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Manufacturing faces a serious skills gap. This skills gap comes in part from under-representation of women in the industry. That under-representation is not only in the media, popular culture and other online sources, it’s represented in raw data. Women represent nearly half of the total U.S. labor pool, but just over a quarter of the manufacturing workforce.

 

Often companies struggle with diversity within their organizations. When looked at from the perspective of shareholder value, talent and diversity become very important as they relate to the bottom line. According to a report from The Manufacturing Institute, “research shows companies with more diverse boards yield greater stock market returns adjusted for sector bias, and companies with higher female representation at the board level or in top management exhibit higher returns on equity, higher valuations and higher payout ratios.”

 

So beyond just playing fair, we know women have their place in manufacturing but how can employers close the gender gap in manufacturing? We have a few tips along with data from Deloitte and the Manufacturing Institute.

 

Start By Looking at Your Recruitment Program

In the same report by The Manufacturing Institute, 65 percent of survey respondents say their company does not have an active recruitment program to attract potential female employees. Create a specific strategy around women. Start with the women who do work at your organization. Create a round-table of sorts, and listen to their experience getting hired at your company and in within the manufacturing industry. Don’t have a program for women in manufacturing yet? Now may be the time to start one.

 

Don’t Overlook Retention

Of the women you do have working for your organization, will they stay? The same study by The Manufacturing Institute (based on a round-table of 600 women in manufacturing) shows that participants ranked opportunities for challenging and interesting assignments, attractive pay and work-life balance as the top three most important priorities. The best way to find out if your employees are getting these opportunities? Address these motivations in a quarterly or bi-yearly review. Specifically ask employees to rate these qualities of their positions. If these priorities are not ranking well, you may need a shift in your own priorities for sake of retention.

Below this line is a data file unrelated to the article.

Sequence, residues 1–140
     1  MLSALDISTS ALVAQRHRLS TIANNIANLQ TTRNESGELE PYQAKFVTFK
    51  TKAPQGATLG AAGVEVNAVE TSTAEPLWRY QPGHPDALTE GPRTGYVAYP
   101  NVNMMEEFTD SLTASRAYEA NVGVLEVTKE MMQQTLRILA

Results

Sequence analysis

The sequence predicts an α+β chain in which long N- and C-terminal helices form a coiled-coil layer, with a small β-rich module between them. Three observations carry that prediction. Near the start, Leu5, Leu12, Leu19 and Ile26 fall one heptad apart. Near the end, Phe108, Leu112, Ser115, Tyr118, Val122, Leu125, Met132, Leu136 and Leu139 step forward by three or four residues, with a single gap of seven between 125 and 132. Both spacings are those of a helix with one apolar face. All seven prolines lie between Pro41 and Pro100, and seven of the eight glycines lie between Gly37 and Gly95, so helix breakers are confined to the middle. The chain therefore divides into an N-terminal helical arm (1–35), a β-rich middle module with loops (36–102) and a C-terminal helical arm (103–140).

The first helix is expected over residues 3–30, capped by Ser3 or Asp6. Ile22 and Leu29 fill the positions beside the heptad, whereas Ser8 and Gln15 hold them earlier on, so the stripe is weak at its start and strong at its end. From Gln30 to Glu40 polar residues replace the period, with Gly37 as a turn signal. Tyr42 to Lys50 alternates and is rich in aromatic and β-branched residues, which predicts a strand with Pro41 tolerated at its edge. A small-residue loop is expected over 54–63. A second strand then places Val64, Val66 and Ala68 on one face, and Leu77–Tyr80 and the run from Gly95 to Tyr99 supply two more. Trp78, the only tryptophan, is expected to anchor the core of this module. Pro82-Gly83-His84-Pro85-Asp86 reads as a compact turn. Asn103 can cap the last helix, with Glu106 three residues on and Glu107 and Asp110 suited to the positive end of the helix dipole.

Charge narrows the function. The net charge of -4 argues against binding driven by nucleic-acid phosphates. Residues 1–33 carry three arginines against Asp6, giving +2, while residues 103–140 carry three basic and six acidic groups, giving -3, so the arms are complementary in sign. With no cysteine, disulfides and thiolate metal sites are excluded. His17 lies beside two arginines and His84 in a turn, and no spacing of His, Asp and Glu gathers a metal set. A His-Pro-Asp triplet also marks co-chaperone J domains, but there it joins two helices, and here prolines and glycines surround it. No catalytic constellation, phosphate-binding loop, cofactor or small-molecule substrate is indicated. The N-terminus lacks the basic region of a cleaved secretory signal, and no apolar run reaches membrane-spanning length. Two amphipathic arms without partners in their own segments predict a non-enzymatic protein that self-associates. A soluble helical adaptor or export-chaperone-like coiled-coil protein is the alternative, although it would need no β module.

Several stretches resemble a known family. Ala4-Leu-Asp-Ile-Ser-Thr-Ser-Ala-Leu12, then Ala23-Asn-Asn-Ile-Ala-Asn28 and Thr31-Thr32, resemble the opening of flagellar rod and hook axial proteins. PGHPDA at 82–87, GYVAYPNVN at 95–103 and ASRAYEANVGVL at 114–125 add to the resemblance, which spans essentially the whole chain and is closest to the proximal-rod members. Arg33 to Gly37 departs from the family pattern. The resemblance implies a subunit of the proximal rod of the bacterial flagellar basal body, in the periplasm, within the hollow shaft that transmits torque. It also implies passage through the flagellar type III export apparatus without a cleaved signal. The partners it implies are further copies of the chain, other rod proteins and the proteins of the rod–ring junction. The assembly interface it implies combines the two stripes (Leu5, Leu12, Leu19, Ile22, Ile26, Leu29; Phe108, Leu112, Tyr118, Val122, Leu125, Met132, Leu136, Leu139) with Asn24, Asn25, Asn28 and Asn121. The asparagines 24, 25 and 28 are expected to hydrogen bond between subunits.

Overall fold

Perception of Double Standards May Widen Gap

Two-thirds of survey respondents said there is a double standard. Of those, three-fourths of the women said they believe the standards of performance are higher for them than men. With this double standard in mind, promote on an individual basis. Most women involved in this survey have mixed views of their companies’ efforts in the development of women. Make it apparent that you have intentions of closing the skills gap by addressing the gender gap issues within your company. The best way to do this? Talk about it and be transparent about employees skills and abilities.

 

Help Build America’s Perception of Women in Manufacturing

Only 12 percent of respondents believe the K-12 school systems actively encourage girls to pursue careers in manufacturing, compared to 53 percent who believe manufacturing is not represented at all. While you can’t change societal norms all on your own, you can help by volunteering to be present in school systems early on. Seem lofty? Think about that recruitment plan. You can choose to actively recruit women in open spaces like community colleges and other campuses. The messages you send to the industry about your desire to hire women, will be seen by not only potential women candidates but other employers outside of manufacturing too.

 

Questions about hiring women or how your company can close the skills gap by addressing the gender gap? Contact us today!

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